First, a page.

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NEWS
June 30, 1989 | From Associated Press
Long Island Lighting Co. shareholders have overwhelmingly approved a deal that could make Shoreham the first licensed nuclear power plant in the nation to be abandoned before coming on line. The agreement approved Wednesday by 95% of the shareholders calls for the utility to sell Shoreham for $1 to the Long Island Power Authority, a state agency. In exchange, a tentative rate hike schedule was established under which the company gets 11 increases over 10 years of about 5% each.
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NEWS
June 13, 1992 | From Associated Press
The Nuclear Regulatory Commission has approved plans to dismantle the $5.5-billion Shoreham nuclear power plant on Long Island, N.Y., the most expensive nuclear plant never to commercially generate electricity. The decommissioning order, issued late Thursday, was made public Friday. It came a day after the NRC dismissed all appeals in the case of the New York power plant, which has never operated above a 5% testing level. The order opens the way for Shoreham to become the first commercial U.S.
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NEWS
April 21, 1989 | From Associated Press
The Nuclear Regulatory Commission granted a full-power operating license to the controversial Shoreham nuclear power plant Thursday in a gesture that may ultimately prove to be symbolic. The commission voted 4 to 0 to grant the license, ending years of hearings that produced reams of testimony and cost millions of dollars. It is the first U.S. nuclear plant to be licensed on the basis of a utility-formulated emergency plan, rather than one created by the state and local governments.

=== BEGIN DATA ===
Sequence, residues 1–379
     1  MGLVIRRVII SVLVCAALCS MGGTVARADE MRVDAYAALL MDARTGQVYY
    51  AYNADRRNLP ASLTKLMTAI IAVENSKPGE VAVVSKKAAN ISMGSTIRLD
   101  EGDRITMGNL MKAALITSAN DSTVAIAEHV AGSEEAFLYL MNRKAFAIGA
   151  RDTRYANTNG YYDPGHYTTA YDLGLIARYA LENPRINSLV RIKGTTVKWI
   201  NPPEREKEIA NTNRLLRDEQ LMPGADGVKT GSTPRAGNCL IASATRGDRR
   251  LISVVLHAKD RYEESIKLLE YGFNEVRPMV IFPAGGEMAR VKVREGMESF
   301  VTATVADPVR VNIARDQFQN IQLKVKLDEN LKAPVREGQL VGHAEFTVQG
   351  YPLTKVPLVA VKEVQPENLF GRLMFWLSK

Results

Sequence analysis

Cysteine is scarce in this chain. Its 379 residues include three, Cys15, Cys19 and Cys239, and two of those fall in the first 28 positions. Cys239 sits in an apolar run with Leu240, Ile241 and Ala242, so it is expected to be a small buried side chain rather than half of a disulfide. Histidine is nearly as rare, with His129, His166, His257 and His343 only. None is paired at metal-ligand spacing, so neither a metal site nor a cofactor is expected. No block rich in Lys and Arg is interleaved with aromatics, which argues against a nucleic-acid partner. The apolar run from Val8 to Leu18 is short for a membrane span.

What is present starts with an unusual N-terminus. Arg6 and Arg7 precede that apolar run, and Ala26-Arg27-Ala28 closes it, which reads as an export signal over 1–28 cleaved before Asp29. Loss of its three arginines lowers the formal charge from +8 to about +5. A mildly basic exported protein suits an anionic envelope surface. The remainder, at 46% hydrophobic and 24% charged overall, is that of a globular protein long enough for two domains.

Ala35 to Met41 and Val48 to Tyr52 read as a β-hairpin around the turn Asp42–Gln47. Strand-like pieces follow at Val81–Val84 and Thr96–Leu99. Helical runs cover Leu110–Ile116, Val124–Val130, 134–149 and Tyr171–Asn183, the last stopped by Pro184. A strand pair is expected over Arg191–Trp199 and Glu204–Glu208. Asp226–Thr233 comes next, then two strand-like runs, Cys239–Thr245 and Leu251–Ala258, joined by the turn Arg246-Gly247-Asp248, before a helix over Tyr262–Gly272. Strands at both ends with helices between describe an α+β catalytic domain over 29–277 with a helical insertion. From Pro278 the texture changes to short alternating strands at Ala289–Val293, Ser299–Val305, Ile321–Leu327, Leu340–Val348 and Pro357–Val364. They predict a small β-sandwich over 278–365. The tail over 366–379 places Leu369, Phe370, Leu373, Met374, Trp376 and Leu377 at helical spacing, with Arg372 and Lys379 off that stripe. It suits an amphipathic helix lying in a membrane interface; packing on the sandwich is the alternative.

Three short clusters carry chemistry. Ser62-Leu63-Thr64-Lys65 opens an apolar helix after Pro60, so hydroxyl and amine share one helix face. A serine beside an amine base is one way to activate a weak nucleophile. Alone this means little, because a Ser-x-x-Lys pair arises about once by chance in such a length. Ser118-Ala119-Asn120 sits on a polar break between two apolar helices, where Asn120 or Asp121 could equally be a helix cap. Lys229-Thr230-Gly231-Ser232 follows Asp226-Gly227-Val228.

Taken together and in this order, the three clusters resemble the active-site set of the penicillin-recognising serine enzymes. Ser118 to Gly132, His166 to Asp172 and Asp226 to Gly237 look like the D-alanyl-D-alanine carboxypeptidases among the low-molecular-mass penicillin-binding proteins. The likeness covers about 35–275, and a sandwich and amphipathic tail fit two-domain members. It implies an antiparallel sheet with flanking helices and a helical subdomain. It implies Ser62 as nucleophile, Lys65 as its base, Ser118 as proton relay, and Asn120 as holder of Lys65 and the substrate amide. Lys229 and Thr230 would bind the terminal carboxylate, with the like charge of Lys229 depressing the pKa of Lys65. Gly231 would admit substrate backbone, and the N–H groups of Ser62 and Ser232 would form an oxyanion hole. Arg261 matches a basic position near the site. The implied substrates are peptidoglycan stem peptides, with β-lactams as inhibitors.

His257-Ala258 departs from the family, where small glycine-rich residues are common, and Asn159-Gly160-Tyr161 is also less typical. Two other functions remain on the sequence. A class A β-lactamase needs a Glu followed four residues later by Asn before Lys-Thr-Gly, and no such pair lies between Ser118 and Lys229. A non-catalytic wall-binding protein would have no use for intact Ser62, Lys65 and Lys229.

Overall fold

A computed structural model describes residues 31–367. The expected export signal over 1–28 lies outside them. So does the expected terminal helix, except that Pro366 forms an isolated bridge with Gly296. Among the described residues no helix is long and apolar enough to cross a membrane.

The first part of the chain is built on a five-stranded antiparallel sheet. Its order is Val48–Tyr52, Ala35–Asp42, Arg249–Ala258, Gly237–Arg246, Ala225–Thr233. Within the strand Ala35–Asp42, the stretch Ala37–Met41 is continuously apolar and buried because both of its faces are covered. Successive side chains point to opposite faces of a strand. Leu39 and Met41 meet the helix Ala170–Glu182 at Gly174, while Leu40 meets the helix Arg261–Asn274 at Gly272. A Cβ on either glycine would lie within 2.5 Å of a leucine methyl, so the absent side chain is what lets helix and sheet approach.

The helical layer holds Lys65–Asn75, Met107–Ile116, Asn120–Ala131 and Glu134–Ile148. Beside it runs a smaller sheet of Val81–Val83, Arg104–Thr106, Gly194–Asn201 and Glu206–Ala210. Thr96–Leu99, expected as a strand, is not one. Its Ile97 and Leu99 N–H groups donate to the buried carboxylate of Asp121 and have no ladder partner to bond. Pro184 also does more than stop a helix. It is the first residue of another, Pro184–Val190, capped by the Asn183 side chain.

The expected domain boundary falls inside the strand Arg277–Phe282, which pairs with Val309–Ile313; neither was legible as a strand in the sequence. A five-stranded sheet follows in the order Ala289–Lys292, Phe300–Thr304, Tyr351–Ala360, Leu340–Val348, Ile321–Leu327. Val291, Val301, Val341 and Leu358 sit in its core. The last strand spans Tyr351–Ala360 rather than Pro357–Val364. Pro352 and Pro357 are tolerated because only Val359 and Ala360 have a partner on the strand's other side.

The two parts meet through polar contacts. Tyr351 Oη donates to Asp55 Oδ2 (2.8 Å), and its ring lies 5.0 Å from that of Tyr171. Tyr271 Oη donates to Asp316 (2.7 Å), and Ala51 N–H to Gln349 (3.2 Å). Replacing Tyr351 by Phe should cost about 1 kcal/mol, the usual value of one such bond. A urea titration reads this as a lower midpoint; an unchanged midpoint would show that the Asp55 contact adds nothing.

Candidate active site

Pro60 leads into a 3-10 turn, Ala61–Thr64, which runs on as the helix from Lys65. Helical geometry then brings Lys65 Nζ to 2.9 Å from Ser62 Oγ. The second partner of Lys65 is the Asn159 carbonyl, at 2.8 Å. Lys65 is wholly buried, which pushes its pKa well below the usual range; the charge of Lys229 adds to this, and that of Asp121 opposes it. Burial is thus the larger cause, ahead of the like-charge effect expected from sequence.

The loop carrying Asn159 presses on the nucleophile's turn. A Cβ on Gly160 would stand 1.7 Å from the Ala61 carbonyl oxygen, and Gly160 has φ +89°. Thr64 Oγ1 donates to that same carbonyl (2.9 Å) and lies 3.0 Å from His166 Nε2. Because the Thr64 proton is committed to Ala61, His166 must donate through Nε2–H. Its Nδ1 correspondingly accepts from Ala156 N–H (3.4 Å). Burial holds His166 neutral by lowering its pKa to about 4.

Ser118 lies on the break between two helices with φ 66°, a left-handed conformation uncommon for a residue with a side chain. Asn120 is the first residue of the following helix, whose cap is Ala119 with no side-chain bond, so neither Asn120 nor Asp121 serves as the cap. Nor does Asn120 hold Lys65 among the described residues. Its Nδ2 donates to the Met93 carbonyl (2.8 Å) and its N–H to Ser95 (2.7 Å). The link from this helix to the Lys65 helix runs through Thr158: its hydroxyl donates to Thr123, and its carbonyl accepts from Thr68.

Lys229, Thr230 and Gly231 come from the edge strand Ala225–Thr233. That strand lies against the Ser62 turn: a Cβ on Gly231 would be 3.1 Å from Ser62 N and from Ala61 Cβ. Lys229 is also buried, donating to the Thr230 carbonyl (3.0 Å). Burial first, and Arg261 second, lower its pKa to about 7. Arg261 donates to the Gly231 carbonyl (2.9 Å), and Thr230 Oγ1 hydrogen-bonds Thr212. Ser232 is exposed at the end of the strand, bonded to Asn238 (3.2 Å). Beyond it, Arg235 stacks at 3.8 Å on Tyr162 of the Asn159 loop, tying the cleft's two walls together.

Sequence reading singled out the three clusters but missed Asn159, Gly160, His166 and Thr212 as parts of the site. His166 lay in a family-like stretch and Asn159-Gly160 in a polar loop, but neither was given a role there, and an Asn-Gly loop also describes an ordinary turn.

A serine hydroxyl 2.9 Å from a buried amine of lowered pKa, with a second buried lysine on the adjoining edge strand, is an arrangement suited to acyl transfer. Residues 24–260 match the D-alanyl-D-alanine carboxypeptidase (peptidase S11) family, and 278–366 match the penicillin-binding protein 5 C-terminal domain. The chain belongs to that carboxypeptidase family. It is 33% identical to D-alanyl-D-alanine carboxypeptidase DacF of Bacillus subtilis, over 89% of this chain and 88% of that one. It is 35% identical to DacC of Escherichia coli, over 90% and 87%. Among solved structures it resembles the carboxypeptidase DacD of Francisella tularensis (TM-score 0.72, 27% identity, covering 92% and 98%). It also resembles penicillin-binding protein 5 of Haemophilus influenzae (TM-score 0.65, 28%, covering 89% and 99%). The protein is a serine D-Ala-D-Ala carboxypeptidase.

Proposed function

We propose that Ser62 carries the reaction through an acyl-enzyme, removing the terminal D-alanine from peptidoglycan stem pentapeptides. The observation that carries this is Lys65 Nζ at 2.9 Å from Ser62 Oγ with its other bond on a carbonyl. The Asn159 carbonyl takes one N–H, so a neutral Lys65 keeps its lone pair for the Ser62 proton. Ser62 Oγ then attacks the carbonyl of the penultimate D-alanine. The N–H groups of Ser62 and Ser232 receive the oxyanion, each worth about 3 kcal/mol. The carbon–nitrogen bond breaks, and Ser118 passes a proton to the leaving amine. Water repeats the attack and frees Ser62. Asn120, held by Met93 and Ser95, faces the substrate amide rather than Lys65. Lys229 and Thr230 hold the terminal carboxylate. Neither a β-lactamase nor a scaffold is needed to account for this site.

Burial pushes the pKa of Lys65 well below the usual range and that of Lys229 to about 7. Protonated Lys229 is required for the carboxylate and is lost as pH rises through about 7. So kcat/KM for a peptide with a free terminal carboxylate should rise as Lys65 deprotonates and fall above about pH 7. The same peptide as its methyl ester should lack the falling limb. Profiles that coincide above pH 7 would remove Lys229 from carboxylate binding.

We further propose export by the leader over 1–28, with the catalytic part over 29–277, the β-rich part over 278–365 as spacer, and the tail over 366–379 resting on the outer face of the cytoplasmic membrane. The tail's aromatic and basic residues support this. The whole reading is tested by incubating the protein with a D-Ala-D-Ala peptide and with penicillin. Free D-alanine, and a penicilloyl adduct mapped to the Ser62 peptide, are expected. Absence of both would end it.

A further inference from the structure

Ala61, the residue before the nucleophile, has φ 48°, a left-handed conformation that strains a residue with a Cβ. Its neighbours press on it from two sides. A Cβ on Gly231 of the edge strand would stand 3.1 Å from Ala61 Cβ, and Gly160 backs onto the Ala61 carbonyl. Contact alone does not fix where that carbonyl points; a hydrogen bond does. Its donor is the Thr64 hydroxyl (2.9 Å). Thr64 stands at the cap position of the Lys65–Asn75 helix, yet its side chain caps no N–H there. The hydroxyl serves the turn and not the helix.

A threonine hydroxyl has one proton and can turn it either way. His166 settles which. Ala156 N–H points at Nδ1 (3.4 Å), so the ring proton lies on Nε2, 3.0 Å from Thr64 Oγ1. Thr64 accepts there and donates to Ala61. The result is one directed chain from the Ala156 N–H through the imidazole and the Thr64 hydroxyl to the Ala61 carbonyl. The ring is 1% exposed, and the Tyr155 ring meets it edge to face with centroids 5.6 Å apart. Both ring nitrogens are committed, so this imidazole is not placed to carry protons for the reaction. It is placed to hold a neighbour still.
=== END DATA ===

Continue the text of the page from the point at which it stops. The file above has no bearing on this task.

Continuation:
NEWS
September 8, 1989
A judge in Troy, N. Y., ruled that the Bush Administration may enter the state court fight against Gov. Mario M. Cuomo's plan to tear down the Shoreham nuclear plant. Supreme Court Justice F. Warren Travers ruled that the federal Department of Energy was an "interested party" through its ownership of the Brookhaven National Laboratory on Long Island. Cuomo has sought to prevent the $5.
NEWS
September 8, 1989
A judge in Troy, N. Y., ruled that the Bush Administration may enter the state court fight against Gov. Mario M. Cuomo's plan to tear down the Shoreham nuclear plant. Supreme Court Justice F. Warren Travers ruled that the federal Department of Energy was an "interested party" through its ownership of the Brookhaven National Laboratory on Long Island. Cuomo has sought to prevent the $5.
NEWS
October 14, 1987 | MICHAEL A. HILTZIK, Times Staff Writer
In the first financial default by a major investor-owned electrical utility since the Great Depression, Public Service Co. of New Hampshire, principal owner of the controversial Seabrook nuclear plant, said Tuesday that Seabrook costs will force it to skip more than $37.5 million in interest and principal payments due on $800 million of its bonds starting this week.
NEWS
March 1, 1989